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Meet The Owner Of The First Black Woman-Owned Winery And Tasting Room In Alameda County, California

Meet The Owner Of The First Black Woman-Owned Winery And Tasting Room In Alameda County, California

It’s an entire experience with a powerful mission!

The nation’s only Kenyan American winery has opened the first Black woman-owned winery tasting room in Alameda County, California, ABC 7 News reports.

Dr. Chris Wachira is the owner of Karibu Wine Lounge, a by-product of Wachira Wines, the country’s only Kenyan American winery. Wachira and her family immigrated from Kenya to Alameda in the late 1990s and are making a name for themselves in the wine business, effectively changing the face of the industry. 

“Folks of color are hugely underrepresented. We are 0.1% of the wine industry in this country. So creating a space that allows us not only to showcase our talents but also to feel welcome and included is core to who I am,” Wachira said.

That sentiment was the inspiration behind Karibu Wine Lounge, a new wine safari concept showcasing the spirits. 

“What we’re doing is a mini safari. It’s a wine safari. And it’s called a wine safari because each of the varietals have one of the big five of the Kenyan safari on the bottle,” Wachira explained.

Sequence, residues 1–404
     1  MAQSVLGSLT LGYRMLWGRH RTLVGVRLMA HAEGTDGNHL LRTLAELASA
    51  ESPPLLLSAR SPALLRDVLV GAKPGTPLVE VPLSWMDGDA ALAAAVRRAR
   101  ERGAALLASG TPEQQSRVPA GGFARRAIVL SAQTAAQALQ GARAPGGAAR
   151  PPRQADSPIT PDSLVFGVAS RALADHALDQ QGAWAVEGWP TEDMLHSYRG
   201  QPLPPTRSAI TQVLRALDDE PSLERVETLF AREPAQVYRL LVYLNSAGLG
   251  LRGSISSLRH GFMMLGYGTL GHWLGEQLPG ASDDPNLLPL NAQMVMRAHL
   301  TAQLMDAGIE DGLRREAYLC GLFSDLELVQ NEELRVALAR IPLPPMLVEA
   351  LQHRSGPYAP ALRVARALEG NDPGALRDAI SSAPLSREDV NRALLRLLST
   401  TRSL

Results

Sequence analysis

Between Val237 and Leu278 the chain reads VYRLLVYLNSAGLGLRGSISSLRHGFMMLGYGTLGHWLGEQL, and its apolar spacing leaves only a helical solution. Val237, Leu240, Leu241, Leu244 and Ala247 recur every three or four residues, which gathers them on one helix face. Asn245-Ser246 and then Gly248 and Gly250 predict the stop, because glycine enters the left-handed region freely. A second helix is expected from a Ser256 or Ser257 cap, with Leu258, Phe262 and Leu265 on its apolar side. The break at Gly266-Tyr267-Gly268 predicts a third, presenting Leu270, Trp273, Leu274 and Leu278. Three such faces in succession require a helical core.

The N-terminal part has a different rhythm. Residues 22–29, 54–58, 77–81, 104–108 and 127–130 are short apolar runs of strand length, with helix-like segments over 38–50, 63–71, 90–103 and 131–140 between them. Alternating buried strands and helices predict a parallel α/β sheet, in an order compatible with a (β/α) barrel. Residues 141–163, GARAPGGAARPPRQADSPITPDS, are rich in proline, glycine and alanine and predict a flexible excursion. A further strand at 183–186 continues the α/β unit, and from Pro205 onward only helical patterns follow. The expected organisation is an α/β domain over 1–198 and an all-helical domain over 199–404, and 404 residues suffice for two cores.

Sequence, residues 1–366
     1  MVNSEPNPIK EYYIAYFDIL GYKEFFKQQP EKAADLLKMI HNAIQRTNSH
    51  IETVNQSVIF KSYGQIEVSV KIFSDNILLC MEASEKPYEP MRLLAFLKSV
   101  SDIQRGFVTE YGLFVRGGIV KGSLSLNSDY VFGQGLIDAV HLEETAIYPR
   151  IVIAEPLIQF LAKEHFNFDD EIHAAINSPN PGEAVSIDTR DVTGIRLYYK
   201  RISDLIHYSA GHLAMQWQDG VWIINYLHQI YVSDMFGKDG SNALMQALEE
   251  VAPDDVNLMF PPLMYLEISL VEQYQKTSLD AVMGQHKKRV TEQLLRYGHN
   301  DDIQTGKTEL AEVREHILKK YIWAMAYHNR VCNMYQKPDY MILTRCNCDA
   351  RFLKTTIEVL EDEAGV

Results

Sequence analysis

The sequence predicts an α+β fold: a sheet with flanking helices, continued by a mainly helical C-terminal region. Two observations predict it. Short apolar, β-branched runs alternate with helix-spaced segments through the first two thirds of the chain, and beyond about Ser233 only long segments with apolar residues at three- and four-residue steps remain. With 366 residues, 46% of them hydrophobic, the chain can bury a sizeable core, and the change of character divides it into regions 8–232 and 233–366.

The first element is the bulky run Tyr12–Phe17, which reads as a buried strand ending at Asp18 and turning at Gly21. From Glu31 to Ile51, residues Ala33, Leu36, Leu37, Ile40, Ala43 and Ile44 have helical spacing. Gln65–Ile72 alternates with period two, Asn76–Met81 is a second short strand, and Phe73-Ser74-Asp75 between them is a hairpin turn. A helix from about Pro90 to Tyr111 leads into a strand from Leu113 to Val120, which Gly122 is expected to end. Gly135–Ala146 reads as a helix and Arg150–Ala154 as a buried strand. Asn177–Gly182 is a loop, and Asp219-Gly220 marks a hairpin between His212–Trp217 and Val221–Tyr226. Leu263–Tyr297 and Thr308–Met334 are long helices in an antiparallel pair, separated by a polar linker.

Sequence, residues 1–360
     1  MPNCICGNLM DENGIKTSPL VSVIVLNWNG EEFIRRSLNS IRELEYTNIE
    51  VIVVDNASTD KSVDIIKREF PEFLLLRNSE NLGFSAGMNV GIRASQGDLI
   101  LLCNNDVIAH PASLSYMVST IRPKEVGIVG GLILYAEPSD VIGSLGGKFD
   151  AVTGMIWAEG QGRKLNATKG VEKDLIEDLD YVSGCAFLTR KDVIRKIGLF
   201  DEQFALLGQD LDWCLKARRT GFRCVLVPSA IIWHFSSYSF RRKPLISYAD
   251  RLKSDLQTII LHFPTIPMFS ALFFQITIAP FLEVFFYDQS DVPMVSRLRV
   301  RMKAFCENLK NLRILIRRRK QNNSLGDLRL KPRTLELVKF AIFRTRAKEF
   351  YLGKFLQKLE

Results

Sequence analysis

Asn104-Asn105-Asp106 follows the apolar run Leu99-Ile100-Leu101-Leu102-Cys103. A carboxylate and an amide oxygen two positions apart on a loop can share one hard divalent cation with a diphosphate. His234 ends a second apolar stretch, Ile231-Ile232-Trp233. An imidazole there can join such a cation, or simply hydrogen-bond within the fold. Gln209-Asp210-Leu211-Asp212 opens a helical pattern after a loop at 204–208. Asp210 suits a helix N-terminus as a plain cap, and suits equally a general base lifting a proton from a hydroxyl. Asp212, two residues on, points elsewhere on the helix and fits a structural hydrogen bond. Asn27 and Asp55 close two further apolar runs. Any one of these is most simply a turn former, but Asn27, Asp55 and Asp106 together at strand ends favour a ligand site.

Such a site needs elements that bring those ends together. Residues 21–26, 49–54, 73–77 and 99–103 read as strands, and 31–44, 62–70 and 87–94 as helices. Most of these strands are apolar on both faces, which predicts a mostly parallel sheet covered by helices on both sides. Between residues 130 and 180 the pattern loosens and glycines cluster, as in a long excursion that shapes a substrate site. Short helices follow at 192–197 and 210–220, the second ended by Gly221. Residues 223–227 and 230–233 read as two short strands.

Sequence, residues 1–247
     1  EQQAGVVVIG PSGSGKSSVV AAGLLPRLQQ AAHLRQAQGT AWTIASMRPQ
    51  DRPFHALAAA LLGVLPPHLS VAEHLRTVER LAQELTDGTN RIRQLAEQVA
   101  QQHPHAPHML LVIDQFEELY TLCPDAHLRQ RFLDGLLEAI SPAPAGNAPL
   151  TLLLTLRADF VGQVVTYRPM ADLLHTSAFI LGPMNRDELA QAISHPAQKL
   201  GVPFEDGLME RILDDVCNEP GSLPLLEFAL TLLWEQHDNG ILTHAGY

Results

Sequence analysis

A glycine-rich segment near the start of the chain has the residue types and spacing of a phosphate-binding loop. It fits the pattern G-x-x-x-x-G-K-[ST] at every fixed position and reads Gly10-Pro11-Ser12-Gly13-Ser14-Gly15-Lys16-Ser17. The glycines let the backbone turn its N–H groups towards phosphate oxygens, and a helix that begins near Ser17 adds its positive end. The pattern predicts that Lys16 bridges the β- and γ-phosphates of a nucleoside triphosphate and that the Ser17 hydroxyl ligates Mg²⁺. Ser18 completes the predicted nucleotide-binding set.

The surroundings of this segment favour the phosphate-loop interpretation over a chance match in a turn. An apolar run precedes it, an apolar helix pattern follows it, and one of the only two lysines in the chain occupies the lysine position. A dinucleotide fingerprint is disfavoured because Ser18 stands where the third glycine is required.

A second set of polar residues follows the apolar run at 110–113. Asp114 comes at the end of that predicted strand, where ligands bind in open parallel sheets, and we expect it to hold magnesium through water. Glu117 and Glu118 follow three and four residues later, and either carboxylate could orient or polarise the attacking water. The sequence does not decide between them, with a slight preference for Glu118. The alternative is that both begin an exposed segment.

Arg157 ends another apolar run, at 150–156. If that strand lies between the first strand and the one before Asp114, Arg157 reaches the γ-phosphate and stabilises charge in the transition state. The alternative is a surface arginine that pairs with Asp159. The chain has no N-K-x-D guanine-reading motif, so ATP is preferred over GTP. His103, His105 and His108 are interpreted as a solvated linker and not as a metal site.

She handcrafted the wines herself, pairing the perfect wines to go along with her mother’s favorite dishes. The Rhino is a cabernet made from Napa, Lodi, and Paso Robles grapes that goes perfectly with her mother’s lamb stew. In contrast, she considered the bubbles “the lion of the Wachira Safari,” which she says pairs exquisitely with her mother’s vanilla lemon cake. 

“Karibu is a Swahili word that means welcome. So it’s a place where everybody should feel welcome,” she told reporters. 

The lounge is not only a safe space for wine lovers but, more importantly, for women and people of color and those in the industry who craft and sell wine. Karibu carries their wines as well as brands from other makers of color. As a scientist working full-time at Stanford Healthcare, it was a small leap for her to get interested in the science of winemaking, even though getting her foot in the door proved much more difficult.

“We don’t have that exposed to us as a community as a culture because it’s an industry that’s been closed to us. It was the allies that supported me, that helped me learn how to craft the wines, that helped me learn the business of the wine,” Wachira said. 

Now she’s looking to help others, launching a wine incubator program that will help offer mentorship to those looking to enter the industry.

“For me to be in this position today that allows another young lady or young man to see themselves reflected in me as a Black immigrant woman, it allows them to believe they can,” Wachira said. 

To learn more, visit Congratulations, Dr. Wachira!

Photo Courtesy of Karibu Lounge